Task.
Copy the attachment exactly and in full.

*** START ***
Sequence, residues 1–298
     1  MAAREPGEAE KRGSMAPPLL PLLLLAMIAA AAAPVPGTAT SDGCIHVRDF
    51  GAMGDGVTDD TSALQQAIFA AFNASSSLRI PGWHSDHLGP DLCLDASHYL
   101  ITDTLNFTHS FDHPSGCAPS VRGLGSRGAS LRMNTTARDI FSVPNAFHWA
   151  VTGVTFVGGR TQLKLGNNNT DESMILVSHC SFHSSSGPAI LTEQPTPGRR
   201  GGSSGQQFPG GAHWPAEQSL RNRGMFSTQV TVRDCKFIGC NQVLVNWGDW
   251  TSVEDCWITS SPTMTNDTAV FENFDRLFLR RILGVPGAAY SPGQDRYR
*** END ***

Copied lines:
Sequence, residues 1–298
     1  MAAREPGEAE KRGSMAPPLL PLLLLAMIAA AAAPVPGTAT SDGCIHVRDF
    51  GAMGDGVTDD TSALQQAIFA AFNASSSLRI PGWHSDHLGP DLCLDASHYL
   101  ITDTLNFTHS FDHPSGCAPS VRGLGSRGAS LRMNTTARDI FSVPNAFHWA
   151  VTGVTFVGGR TQLKLGNNNT DESMILVSHC SFHSSSGPAI LTEQPTPGRR
   201  GGSSGQQFPG GAHWPAEQSL RNRGMFSTQV TVRDCKFIGC NQVLVNWGDW
   251  TSVEDCWITS SPTMTNDTAV FENFDRLFLR RILGVPGAAY SPGQDRYR